“Round and round it goes, where it stops nobody knows.” I always think of roulette wheels when I hear that one but now I’m going to be thinking about the mysterious ways of the internet.
David Bruggeman in a Nov. 26, 2014 posting on his Pasco Phronesis blog writes about a bill before the Canadian Parliament to create a position for a Parliamentary Science Officer. Interestingly, he got the information from FrogHeart Daily. It’s a paper I created a few years ago and had forgotten until now. So, I guess thanks to David and to me (?). In any event I had written about this proposed position (months after the fact) in July 30, 2014 post regarding science policy and advice in Canada and in New Zealand.
Getting back to David’s Nov. 26, 2014 posting (Note: A link has been removed),
The bill, introduced in December of last year , would establish a Parliamentary Science Officer. As outlined in the bill, the position would be an independent officer of Parliament, meaning the person would be appointed with the approval of Parliament, and serve a term of seven years. The position would appear to be on par with the Information Commissioner of Canada and other appointed positions. (MP [Kennedy] Stewart [NDP] has referred to the Parliamentary Budget Officer, likely because that position is more advisory than the Information Commissioner.)
Here’s Kennedy Stewart’s Nov. 21, 2013 news release regarding his proposed Parliamentary Science Officer bill,
Bill C-558: Parliamentary Science Officer
“This bill represents the strongest effort yet to protect the pursuit and use of scientific research in the federal government. It goes beyond what we had in the past and charts a bold vision for where we need to go,” said MP Kennedy Stewart (Burnaby-Douglas), an Associate Professor on leave from Simon Fraser University’s School of Public Policy. “After years of muzzling, mismanagement, and misuse of science by the Conservative government, this new office will promote real transparency and ensure decisions made in Ottawa are based on the best available scientific evidence.”
Modeled on the current Parliamentary Budget Officer, the UK’s Parliamentary Office of Science & Technology, and the White House Office of Science & Technology Policy, the Parliamentary Science Officer would be established as an independent agent of Parliament. It would have a legislated mandate to:
Assess the state of scientific evidence relevant to any proposal or bill before Parliament;
Answer requests from Committees and individual Members for unbiased scientific information;
Conduct independent analysis of federal science and technology policy;
Raise awareness of scientific issues across government and among Canadians;
Encourage coordination between departments and agencies conducting scientific research.
“Beginning with the closure of the National Science Advisor to the Prime Minister, the Conservatives have used every tool at their disposal to prevent, limit, and restrict Canadian scientists from sharing their research with policy-makers and the public,” said MP Laurin Liu (Rivière-des-Mille-Îles), Deputy Critic for Science and Technology. “Being independent from the government and responsible for serving the needs of the legislature, a Parliamentary Science Officer would revitalize scientific integrity in Ottawa.”
I’m not sure chiding the Conservative government is necessarily the best way to go about establishing this new position and, as noted in the 2013 news release and elsewhere, this government axed the National Science Advisor position when they first came to power with a minority in the House of Commons. At this juncture, it seems unlikely that the government which has a healthy majority in the House of Commons will vote to create a Parliamentary Science Officer position.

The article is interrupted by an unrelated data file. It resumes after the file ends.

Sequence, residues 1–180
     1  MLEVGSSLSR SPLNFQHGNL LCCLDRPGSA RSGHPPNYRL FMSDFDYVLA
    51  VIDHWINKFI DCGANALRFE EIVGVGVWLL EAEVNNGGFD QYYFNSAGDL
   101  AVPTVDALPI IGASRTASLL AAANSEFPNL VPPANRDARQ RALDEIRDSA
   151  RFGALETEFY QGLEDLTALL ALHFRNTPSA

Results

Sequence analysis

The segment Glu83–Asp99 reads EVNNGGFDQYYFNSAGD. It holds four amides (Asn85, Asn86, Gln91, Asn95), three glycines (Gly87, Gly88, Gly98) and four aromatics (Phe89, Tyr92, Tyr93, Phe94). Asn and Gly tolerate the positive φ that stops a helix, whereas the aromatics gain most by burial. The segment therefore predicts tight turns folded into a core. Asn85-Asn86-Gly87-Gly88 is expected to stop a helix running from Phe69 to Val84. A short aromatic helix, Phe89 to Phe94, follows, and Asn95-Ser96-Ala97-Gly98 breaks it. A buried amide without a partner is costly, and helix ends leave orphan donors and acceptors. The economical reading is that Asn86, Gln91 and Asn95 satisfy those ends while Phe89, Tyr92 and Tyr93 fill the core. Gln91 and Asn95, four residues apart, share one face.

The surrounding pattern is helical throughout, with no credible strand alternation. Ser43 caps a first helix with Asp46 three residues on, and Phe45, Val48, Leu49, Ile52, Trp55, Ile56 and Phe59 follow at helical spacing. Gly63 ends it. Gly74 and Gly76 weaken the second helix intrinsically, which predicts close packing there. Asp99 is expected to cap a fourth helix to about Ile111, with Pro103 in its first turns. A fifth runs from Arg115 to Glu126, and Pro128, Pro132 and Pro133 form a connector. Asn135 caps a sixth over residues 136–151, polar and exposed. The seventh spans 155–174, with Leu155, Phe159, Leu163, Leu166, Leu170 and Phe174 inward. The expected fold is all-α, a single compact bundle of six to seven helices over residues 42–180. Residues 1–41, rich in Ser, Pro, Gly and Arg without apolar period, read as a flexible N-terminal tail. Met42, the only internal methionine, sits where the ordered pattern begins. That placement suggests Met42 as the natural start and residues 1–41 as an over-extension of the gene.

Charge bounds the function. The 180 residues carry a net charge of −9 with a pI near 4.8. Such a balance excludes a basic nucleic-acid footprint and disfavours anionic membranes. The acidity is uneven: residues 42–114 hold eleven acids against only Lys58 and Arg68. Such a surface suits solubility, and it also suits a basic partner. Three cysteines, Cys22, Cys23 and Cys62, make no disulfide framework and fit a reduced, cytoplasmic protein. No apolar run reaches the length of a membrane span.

Nonetheless, Kennedy Stewart has issued a Nov. 26, 2014 news release about Bill C-558,
Important members of the scientific community are endorsing the NDP’s proposal to create an independent science watchdog with responsibility to curb the muzzling of public scientists and provide Parliament with sound information and expert advice on scientific issues.
“Science in Canada is at a crossroads. After years of government scientists being muzzled by the Conservatives, this new office will promote real transparency and ensure decisions made in Ottawa are based on the best available scientific evidence,” said NDP Science & Technology Critic Kennedy Stewart (Burnaby-Douglas).
The Parliamentary Science Officer Act, Bill C-558, introduced by Dr. Stewart will be a first practical step to mend the relationship between scientists and politicians, and will give public science a more robust voice in the federal government.
“For too long we have heard that scientific evidence is ignored by policy-makers and that federal scientists are being unduly prevented from sharing their research with Canadians. I’m proud that the scientific community is rallying behind the NDP’s proposal for a Parliamentary Science Officer,” said Dr. Stewart, an Associate Professor on-leave from Simon Fraser University’s School of Public Policy.
“Public interest science and smart government decision-making are essential for keeping Canadians safe, healthy and prosperous. Yet there is growing concerns that the role of science and evidence in informing smart policy decisions is being eroded. Creating a Parliamentary Science Officer to be a dedicated office that provides non-partisan, independent, objective, and readily available analysis of the science relevant for public policy issues would be a huge step in the right direction. It’s time for Canada to create a Parliamentary Science Officer to give science a stronger voice in the federal government.”
– Katie Gibbs, Executive Director, Evidence for Democracy
“Canadians and their elected representatives need unbiased and non-partisan advice on science policy. The Office of the National Science Advisor had been designed to fill this role, however imperfectly, until it was eliminated in 2008 by the Conservative government. One potential new approach would be to create a Parliamentary Science Officer that provides independent advice and analysis to Parliament about the adequacy and effectiveness of the nation’s scientific policies, priorities, and funding. Bill C-558 would bring evidence back to Parliament.”
– Sylvain Schetagne, Associate Executive Director, Canadian Association of University Teachers (CAUT)
“Federal scientists and researchers who inspect the food we eat, monitor our environment, approve our medications, and contribute to Canada’s innovative capacity have repeatedly and increasingly expressed concern with the direction of science in Canada in recent years. Restrictive communication policies, cuts to science programs and personnel, political interference in research, and the misuse of evidence are systematically dismantling Canada’s scientific capacity and placing the health and safety of Canadians at risk. The Professional Institute of the Public Service of Canada (PIPSC), which represents over 15,000 federal scientists and researchers, endorses Bill C-558 to establish a Parliamentary Science Officer. The need for unbiased and independent advice on science policy is essential in order to protect the health and safety of Canadians and the environment.”